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Date: Sat, 27 Jan 2018 10:02:03 -0500
From: Stiepan <>
Subject: Re: How to deal with reporters who don't want their bugs fixed?

I will try responding to both here: well, however flawed it might be and oftentimes is in practice, there is the universal Hyppocrate's oath in the case of medicine and it sort of works. That is what I meant, using possibly inadequate words.

If boilerplate agreement sounds better than an universal code of ethics for our profession (and I think this is attainable, not "universal ethics" taken out of context, making it an oxymoron), as long as the effects are with it, I don't think that wording should be the main issue at hand.

As for the register's article, it gives this image - - in guise of a 404 error, so I cannot make a proper opinion for the moment. Without reading it though, I cannot but see the parallel between Intel deactivating some CPU feature to make it secure and surgical ablation! There are (less mediatized) precedents of the like: see for instance how Apple had to remove Apple Pay history in a rush because it exposed an otherwise (provably?) secure enclave. What I do see in common here is that the end user's interests were sacrificed and some sold feature removed, to remedy a design flaw affecting the security of their information. If you remove the ICT Security professional glasses and take the more generic context of planned obsolescence into account, this becomes very interesting, and there are quite a few other examples of the like.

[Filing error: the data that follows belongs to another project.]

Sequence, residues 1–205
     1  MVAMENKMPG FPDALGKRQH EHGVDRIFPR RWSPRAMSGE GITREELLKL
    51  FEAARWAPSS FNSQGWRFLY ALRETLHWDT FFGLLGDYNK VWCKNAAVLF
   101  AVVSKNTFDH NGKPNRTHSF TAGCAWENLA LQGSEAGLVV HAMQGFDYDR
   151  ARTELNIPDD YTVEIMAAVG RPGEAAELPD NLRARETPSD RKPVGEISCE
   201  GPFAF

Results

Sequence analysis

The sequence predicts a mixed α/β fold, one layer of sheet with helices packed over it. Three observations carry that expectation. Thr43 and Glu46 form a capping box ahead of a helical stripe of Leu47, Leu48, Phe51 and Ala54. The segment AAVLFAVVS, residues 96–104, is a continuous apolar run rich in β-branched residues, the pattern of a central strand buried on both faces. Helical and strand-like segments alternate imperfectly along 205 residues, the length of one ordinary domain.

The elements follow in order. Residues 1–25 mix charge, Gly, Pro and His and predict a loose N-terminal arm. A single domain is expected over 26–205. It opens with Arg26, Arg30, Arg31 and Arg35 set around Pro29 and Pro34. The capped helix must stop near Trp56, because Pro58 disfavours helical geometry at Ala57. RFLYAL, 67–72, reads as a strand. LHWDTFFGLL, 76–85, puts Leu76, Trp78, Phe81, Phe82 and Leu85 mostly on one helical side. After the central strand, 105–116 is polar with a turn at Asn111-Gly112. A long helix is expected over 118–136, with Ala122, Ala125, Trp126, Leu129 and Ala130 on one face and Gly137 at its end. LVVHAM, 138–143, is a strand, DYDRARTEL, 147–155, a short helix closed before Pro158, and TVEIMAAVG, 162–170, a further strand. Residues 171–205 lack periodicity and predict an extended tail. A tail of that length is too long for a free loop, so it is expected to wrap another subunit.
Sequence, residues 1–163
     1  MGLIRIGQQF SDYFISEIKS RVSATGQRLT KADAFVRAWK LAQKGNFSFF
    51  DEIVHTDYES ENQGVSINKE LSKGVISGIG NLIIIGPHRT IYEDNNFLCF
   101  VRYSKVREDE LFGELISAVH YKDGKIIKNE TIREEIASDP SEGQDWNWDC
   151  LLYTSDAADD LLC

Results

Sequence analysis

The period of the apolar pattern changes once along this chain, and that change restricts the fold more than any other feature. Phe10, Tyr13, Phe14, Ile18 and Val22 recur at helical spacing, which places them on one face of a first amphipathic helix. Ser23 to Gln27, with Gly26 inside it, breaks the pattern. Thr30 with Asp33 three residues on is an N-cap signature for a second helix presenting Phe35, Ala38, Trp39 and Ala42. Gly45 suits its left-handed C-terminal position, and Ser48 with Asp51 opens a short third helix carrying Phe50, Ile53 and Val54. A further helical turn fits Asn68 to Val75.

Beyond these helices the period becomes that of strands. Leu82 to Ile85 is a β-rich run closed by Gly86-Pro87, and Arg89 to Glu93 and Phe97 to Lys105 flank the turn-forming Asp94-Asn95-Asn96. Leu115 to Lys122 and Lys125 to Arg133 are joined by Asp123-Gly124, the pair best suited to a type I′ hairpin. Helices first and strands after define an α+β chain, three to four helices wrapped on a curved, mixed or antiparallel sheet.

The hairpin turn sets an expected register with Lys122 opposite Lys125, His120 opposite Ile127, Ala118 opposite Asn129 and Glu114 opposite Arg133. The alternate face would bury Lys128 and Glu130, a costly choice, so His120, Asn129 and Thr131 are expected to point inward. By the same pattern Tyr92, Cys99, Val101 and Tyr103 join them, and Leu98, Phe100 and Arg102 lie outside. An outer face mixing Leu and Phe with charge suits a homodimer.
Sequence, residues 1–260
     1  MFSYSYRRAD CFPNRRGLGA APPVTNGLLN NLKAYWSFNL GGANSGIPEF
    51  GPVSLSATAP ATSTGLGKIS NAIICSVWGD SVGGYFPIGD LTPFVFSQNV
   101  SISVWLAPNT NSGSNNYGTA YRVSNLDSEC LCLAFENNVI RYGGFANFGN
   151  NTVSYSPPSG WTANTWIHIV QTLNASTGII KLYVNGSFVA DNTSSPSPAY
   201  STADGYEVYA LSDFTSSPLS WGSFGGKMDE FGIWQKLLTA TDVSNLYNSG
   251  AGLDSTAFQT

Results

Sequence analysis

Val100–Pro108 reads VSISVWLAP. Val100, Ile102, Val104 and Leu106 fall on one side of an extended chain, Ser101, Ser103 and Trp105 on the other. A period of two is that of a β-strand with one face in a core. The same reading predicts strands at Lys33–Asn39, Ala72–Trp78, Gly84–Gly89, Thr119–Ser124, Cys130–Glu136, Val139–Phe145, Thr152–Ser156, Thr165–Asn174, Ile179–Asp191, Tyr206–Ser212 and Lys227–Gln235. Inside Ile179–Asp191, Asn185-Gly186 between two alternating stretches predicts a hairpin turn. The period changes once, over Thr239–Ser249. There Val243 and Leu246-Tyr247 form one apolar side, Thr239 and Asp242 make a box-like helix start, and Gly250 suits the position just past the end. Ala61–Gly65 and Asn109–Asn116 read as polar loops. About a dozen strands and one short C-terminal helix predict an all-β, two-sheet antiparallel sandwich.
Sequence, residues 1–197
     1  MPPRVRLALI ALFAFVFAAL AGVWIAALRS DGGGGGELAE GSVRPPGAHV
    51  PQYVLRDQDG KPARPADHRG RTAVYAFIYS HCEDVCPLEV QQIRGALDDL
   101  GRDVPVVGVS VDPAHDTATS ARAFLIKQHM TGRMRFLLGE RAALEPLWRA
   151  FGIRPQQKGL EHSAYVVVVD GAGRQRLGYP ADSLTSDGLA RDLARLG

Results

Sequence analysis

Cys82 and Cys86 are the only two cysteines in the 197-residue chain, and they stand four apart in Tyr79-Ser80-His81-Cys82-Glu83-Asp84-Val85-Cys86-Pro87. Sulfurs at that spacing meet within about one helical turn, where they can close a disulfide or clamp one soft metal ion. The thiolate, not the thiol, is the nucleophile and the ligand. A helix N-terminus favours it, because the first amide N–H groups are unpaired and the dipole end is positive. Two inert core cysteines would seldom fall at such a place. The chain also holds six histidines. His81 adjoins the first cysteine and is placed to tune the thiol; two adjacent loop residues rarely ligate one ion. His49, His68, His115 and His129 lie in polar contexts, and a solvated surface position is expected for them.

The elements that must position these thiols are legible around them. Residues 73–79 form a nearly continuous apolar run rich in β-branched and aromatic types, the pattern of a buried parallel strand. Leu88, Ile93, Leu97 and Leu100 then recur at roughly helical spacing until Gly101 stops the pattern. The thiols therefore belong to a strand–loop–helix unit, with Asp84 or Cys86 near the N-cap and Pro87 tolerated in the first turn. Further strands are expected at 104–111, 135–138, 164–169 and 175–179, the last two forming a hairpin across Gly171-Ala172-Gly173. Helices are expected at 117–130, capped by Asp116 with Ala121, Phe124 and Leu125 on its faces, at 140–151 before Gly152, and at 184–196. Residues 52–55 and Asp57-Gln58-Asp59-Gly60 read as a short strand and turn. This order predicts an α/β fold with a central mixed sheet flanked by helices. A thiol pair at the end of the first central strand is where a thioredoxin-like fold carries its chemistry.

Hence, a need probably arises to have an oath for ICT in general and not security in particular, sec. being what surgery is to general medicine, when not done preventively / by design, as we ( and hopefully others are making every effort to do, instead of the "accept defeat" approach we hear so often from many vendors and even certification bodies, which is itself a reason to begin worrying about the status quo.

-------- Mensaje original --------
On 26 ene. 2018 18:48, Mikhail Utin escribió:

> I 100% agree with Solar's response. We should not limit our freedom to choose how we will handle our intellectual property. That is how I read the original statements below.
> Not to cause more discussion, but here is the example of how "universal ethics" work:
> Mikhail Utin, CISSP
> ________________________________
> From: Solar Designer
> Sent: Friday, January 26, 2018 12:16
> To:
> Subject: Re: [oss-security] How to deal with reporters who don't want their bugs fixed?
> On Fri, Jan 26, 2018 at 10:23:49AM -0500, Stiepan wrote:
>> I think that clear rules might be welcome:
> I agree (specifically, I had suggested explicit maximum embargo times),
> but such rules must not be one and only industry standard. Anyone or
> any project may propose rules, and other projects are welcome to reuse
> those rules, but they must not have to - they could as well use
> different rules, or none. At best, a relatively non-controversial
> and brief boilerplate could end up being reused by many projects.
>> We as a profession should have a clear code of ethics
> No. Let's not use the word ethics. That word, except when explicitly
> referring to a particular person's or group's ethics, implies that when
> we (dis)agree or are judging others, we claim to be necessarily right -
> but in reality we're necessarily subjective.
> This would be just as flawed a concept/term as "responsible disclosure".
> (I refrain from using that term as well, except when pointing out just
> how unnecessarily judgemental it is - implying that other kinds of
> disclosure would have been "irresponsible" - but we're subjective.)
>> universal ethics' code
> That's an oxymoron. No such thing can possibly exist.
> Alexander>

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